Thursday, April 17, 2014
The Friends of Congress Square had a victory in court last week when a Superior Court justice overruled Portland officials, who had said the decision to sell part of the public space was an inappropriate subject for a referendum.
The best way to express displeasure with the City Council’s decision to sell part of Congress Square Plaza, above, would be to go to the polls Tuesday and vote out the two incumbents who supported the sale.
2013 File Photo/Gabe Souza
Unless that ruling is overturned by the Maine Supreme Judicial Court, activists will soon be circulating petitions looking to get the matter before the voters in a future election.
We are not so sure about the city’s legal argument – its lawyer said that selling city property is an administrative act like spending money, and not a legislative one that would be subject to a referendum vote. That line of reasoning may end up winning the day, but it sounds like a stretch.
But we do agree with the city that the park’s sale is not an appropriate subject for a referendum – not for technical legal reasons, but for political ones. We lose the benefits of a representative democracy when it’s too easy to stop the government in its tracks every time a majority does something unpopular. When the referendum process is overused, we end up with a slow, cautious city government that is not capable of making the kind of decisions that need to be made.
Congress Square Plaza has been the focus of a planning conversation for five years, starting with a sleepy, underfunded task force created in 2008. The intensity picked up over the last two years since Rockbridge Capital developed its plans for a one-story event center that uses much of the existing park adjacent to its newly renovated Eastland Park Hotel. This proposal led to an evenly divided vote by the task force, a 3-1 vote in favor of the project by the Housing and Community Development Committee and a 6-3 vote by the City Council after a long and emotional public hearing.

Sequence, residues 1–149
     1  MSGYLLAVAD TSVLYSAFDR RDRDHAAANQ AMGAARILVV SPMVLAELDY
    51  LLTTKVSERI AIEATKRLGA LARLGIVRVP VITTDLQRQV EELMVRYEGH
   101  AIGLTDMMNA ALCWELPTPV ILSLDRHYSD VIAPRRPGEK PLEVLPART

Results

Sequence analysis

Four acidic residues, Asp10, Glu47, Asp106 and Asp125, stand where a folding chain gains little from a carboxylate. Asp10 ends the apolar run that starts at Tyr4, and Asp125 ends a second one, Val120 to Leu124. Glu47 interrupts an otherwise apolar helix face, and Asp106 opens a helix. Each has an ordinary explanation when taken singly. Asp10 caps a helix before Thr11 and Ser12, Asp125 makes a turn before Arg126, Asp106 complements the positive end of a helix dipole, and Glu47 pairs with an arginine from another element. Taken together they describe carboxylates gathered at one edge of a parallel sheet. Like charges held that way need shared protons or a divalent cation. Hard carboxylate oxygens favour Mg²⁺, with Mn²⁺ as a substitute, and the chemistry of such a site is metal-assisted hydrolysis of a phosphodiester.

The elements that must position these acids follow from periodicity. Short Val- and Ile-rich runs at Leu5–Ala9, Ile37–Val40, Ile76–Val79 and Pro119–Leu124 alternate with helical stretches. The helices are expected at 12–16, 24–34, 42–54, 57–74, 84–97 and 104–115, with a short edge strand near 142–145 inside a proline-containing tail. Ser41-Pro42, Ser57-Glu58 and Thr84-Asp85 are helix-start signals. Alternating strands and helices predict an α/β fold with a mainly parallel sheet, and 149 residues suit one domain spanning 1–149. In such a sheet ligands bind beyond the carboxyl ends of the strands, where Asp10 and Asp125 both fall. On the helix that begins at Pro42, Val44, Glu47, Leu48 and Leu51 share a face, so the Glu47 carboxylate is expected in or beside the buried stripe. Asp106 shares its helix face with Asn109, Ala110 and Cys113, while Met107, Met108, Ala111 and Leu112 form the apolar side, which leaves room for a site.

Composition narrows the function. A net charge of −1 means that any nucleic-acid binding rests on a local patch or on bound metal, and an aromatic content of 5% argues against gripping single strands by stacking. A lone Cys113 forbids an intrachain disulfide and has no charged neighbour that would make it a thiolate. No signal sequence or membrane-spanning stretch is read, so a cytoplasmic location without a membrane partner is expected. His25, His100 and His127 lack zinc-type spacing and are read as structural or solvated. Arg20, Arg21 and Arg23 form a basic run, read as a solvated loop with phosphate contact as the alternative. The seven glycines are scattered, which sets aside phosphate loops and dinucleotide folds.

Justice Joyce Wheeler said she supported the “discussion aspect” of a referendum campaign, but there has been no shortage of discussion around this issue. In the end, a divided council of the city’s elected officials made a tough decision.
It’s understandable that the people who support the park in its current configuration are disappointed, but the best way to express that is not in court or in some future election, but in the election that takes place Tuesday.
Three council seats, including two held by incumbents who voted for the sale, are up for grabs this week. People who are unhappy with the result of the Congress Square decision have a chance to vote those councilors out and replace them with people more in tune with their values.
Any elected body is going to be forced to deal with controversial issues. Its members will face strong arguments from both sides, and they will have to make a choice. You can bet that the advocates from one side or the other are going to walk away unhappy.
But representative democracy should not just be for the easy issues. A good council process is one that allows everyone to have a say, but recognizes that the talking has to stop sometime and not everyone is going to like the results.
This week’s council election is the right time to react to the Congress Square decision. A future referendum is not.